Romeo and Juliet Glossary what, drawn ... peace! (1.1)
What, drawn, and talk of peace! I hate the word
As I hate hell, all Montagues, and thee:
Have at thee, coward! (57-9)
what, drawn ... peace! The "fiery Tybalt" cannot conceive the idea of a sword being drawn for any other purpose than that of fighting. For drawn, in this absolute sense, cp. H. V. ii.1.39, "O, well a day, Lady, if he be not drawn now."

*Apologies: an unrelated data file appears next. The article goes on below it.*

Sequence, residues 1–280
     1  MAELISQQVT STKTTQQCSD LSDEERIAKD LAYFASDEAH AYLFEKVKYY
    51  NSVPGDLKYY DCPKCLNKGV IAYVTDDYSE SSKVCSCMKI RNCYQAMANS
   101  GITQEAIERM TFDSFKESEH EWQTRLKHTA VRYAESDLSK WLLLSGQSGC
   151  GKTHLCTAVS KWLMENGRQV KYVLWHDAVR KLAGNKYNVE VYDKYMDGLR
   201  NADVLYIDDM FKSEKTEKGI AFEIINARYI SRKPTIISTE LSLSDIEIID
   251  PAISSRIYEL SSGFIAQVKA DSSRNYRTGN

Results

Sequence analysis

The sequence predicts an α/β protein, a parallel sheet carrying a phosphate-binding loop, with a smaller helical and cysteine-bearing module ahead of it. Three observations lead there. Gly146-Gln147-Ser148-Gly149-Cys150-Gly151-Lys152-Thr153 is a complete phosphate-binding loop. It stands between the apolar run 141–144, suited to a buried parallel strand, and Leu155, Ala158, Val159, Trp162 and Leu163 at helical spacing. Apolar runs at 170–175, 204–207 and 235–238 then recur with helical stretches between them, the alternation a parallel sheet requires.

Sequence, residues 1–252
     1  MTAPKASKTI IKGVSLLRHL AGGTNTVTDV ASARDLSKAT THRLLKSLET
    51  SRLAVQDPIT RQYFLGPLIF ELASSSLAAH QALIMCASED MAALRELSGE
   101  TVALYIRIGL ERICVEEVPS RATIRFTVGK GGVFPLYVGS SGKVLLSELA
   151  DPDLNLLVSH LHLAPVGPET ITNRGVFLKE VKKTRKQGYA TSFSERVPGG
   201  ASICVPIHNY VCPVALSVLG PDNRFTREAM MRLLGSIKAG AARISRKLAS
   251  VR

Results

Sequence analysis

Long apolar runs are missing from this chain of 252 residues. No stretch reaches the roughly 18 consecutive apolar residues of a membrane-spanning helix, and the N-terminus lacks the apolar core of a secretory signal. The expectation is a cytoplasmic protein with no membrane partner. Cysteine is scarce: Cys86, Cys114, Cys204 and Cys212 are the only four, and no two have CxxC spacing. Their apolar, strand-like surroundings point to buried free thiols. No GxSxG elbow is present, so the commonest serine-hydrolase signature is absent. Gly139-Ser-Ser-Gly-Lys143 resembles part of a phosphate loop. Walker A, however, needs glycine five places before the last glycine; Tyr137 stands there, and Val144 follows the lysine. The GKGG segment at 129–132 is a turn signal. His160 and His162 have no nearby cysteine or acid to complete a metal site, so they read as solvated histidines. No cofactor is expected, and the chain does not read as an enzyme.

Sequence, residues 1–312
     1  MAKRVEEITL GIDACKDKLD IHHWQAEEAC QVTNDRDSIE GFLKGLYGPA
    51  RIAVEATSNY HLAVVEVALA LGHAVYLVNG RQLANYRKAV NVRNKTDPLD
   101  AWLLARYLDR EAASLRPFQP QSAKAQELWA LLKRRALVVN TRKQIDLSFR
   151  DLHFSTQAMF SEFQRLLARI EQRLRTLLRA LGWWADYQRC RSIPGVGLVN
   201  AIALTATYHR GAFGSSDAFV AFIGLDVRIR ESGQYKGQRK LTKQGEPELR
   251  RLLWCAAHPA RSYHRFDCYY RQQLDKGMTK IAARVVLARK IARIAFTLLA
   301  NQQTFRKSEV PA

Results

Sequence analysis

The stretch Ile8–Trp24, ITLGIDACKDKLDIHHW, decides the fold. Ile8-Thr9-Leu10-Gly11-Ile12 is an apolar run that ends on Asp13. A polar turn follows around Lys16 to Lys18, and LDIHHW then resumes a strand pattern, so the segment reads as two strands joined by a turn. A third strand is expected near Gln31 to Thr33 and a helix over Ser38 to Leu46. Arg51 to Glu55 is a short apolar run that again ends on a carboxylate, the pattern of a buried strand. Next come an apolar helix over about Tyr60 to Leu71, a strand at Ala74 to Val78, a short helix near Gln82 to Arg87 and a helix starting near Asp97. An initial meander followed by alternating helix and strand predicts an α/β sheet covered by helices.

Have at thee, coward! here goes for a blow at you. Shakespeare has also "have after," "have to," "have through," "have with"; 'let me,' or 'let us,' having to be supplied.
Shakespeare, William. Romeo and Juliet. Ed. K. Deighton. New York: MacMillan and Co., 1903. Shakespeare Online. 20 Aug. 2010. (date when you accessed the information) < http://www.shakespeare-online.com/plays/romeoandjuliet/romeoglossspeace.html >.